THE PRESIDENT SPEAKS
BY WALTER CRONKITE
Some knowledge of history and the memories of a long life have given me a sense of wonder at the shape-shifting habit of ideals and the ideologues who espouse them. What brings this to mind is the eloquent and idealistic foreign-policy speech that President Bush recently gave in London.
Some commentators liken Bush's rhetoric to the idealism of Ronald Reagan, but it has earlier, Democratic antecedents, both in Woodrow Wilson's war "to make the world safe for democracy" and in FDR's "Four Freedoms." In both cases, these ideals were carried forward on American bayonets. By the way, both presidents bucked considerable opposition from American isolationists -- mainly Republicans.
Bush's London address was masterfully crafted to defend his foreign policy against widespread European hostility. And by most accounts, he seems to have been at least partially successful, though parts of it sounded a bit off-key.
Bush offered a softer, more human image than the one Europeans have become used to. He showed himself capable of disarming, self-deprecating humor. He was conciliatory, admitting that there were "good-faith disagreements in your country and mine" over the war in Iraq. And he added something with which many of us who opposed that war agree: "Whatever has come before, we now have only two options: to keep our word or to break our word."
Bush cited (some might say "stole") a number of liberal themes. He identified himself with Wilson. His confession that "your nation and mine in the past have been willing to make a bargain to tolerate oppression for the sake of stability" has been a liberal complaint from the days of the Cold War to the present. He even embraced Bill Clinton's intervention in the Balkans, likening it to his own actions in Afghanistan and Iraq.
So, why did the speech sound off-key to you, Cronkite?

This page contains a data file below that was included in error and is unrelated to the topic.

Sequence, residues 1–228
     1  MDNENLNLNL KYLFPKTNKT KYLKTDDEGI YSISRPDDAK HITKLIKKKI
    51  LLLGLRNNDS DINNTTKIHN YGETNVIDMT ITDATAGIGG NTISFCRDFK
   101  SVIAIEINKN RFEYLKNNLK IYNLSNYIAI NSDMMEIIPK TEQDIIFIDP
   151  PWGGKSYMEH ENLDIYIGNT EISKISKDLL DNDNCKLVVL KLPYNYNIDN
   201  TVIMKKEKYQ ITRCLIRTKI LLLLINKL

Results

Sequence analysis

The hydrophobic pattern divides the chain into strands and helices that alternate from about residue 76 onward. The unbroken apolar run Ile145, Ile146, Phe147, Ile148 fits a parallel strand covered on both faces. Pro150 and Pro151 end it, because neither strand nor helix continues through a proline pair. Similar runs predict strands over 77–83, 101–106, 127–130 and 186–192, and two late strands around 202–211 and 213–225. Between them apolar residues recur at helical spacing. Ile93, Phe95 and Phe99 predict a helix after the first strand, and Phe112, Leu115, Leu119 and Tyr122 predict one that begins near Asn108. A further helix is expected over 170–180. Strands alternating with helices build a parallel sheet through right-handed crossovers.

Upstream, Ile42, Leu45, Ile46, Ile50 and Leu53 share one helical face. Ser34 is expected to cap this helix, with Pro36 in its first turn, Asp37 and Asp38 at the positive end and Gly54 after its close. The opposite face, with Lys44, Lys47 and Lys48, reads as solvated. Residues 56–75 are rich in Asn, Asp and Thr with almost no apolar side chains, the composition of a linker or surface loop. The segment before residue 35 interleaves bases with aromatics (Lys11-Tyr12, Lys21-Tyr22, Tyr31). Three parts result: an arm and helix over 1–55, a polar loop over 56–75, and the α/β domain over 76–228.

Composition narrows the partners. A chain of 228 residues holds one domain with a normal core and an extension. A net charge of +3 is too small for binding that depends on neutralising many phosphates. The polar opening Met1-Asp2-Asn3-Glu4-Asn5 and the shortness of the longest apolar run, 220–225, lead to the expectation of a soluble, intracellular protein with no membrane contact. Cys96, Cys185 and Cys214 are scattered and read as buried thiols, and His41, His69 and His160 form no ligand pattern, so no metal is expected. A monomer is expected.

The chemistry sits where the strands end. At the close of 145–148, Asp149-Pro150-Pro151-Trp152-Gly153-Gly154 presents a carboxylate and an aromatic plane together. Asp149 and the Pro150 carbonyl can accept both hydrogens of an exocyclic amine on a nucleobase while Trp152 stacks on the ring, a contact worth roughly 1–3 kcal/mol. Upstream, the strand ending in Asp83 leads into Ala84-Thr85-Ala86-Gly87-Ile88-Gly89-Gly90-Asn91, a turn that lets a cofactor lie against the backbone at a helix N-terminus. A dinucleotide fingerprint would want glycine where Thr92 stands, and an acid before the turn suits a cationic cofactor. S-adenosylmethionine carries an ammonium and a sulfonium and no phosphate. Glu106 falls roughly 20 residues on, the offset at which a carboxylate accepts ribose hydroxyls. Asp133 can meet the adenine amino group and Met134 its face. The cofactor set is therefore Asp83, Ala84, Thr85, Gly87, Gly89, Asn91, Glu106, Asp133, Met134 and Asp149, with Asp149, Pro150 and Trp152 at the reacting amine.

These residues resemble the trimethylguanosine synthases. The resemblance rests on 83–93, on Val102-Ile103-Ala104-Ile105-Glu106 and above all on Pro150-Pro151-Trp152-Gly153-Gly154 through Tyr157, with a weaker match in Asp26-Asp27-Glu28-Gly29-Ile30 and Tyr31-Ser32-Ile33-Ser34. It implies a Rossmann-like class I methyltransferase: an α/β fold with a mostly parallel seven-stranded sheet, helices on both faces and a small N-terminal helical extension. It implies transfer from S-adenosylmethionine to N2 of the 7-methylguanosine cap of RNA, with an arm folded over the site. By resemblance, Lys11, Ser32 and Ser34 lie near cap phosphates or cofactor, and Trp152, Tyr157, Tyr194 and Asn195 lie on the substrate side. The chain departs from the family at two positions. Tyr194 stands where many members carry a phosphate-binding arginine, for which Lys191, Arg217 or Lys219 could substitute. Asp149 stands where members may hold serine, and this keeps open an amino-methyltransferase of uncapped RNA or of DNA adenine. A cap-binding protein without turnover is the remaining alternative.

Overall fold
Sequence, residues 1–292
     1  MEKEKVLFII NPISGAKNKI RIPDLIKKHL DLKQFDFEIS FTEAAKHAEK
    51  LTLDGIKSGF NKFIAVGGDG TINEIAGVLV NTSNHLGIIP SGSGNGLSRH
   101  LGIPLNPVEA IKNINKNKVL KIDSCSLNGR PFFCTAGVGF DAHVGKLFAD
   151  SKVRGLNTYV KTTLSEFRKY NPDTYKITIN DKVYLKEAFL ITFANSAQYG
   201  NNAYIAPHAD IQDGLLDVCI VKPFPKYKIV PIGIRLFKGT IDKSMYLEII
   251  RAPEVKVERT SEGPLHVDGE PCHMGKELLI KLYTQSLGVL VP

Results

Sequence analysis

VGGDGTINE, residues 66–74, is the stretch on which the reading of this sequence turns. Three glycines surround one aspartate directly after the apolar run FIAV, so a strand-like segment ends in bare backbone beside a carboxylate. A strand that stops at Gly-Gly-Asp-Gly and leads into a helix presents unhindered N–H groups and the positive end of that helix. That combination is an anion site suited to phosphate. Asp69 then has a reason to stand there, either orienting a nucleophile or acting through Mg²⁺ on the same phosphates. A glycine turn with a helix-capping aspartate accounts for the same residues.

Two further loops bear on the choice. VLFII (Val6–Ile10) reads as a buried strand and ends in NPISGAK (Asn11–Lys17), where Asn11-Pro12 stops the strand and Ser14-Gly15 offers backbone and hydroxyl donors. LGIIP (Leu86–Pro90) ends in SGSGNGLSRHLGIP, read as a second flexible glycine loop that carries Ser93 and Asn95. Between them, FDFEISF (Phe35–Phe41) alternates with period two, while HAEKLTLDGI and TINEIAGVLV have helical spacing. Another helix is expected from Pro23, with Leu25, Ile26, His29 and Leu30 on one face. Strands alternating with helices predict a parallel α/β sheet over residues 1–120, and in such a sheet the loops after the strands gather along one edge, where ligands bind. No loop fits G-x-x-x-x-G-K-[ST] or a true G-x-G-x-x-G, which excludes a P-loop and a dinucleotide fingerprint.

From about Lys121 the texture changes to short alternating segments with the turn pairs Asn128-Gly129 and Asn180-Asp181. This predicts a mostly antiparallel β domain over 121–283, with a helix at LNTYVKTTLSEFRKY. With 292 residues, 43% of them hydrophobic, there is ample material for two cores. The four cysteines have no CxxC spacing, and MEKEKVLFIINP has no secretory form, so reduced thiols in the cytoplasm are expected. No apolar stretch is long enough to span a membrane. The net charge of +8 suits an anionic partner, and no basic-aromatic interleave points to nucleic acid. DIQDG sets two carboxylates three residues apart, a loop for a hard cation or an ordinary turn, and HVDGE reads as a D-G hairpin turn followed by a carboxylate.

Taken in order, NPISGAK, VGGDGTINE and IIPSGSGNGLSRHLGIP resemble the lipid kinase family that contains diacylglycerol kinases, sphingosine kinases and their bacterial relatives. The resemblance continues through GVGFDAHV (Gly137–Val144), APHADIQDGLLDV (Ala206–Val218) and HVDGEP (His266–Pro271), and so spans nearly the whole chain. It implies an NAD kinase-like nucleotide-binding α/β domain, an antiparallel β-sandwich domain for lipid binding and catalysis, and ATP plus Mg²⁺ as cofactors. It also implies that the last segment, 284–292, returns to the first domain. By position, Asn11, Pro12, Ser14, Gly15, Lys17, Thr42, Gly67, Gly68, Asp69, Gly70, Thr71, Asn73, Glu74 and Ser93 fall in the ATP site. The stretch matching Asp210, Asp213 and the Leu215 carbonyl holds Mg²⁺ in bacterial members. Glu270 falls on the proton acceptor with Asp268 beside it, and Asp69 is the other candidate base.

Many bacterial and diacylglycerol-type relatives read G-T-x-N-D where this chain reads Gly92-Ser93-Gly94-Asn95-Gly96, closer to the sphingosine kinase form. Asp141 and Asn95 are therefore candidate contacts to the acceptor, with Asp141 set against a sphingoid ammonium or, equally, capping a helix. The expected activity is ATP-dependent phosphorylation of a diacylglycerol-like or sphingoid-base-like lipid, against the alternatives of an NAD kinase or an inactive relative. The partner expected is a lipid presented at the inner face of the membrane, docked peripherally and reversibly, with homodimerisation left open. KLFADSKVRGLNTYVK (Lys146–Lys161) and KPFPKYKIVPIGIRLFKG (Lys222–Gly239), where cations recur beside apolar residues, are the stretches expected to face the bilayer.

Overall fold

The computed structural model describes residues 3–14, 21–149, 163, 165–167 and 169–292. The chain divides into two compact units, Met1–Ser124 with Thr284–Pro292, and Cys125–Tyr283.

For several reasons: In some instances I have to question, if not Bush's sincerity, at least the depth of his conviction. That depth is suspect because of his poor record of following through. In Afghanistan, the pledge to reconstruct and democratize that country seemed all but abandoned in order to concentrate forces and finances on the invasion of Iraq.
Remember the "road map" for Israel/Palestine? Palestinian terrorists shredded it with their suicide bombs, but not before Bush had failed in his promise to pressure both sides to make critical concessions. He denounced and renounced Yasser Arafat, but seemed, as he had in the past, unwilling or incapable of holding Ariel Sharon's feet to the fire.
Today there is growing skepticism concerning his promise to stay the course in Iraq. With the security situation there worsening by the day, the decision to craft a new plan seemed not just defensible but mandatory. But suspicions were raised by the new timetable, which would put an Iraqi council in charge by next June and send a substantial number of American troops home.
It might be simply coincidental that this timing meshes with next year's re-election campaign. But coincidence does inspire some skepticism.
When questioned by reporters in London about the reduction of forces, the president said we might have fewer troops in Iraq, or stay at the current level, or have more troops there, whatever is needed to do the job. But the White House rushed to say the president didn't mean there would be more troops there next year. So it seems fair to ask just what's going on here.
There is a related issue that does go directly to Mr. Bush's sincerity. That is his acknowledgement in the London speech of "good-faith disagreements" over the war. How does that harmonize with the Republicans' (and Bush's) egregious use of such disagreements to bludgeon the Democrats prior to the 2002 midterm elections -- a political mugging we can expect to see more of next year? That's why, while admiring his rhetorical skill and honoring some genuine idealism, I still hear some sour notes in his London speech.
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(c) 2003 Walter Cronkite
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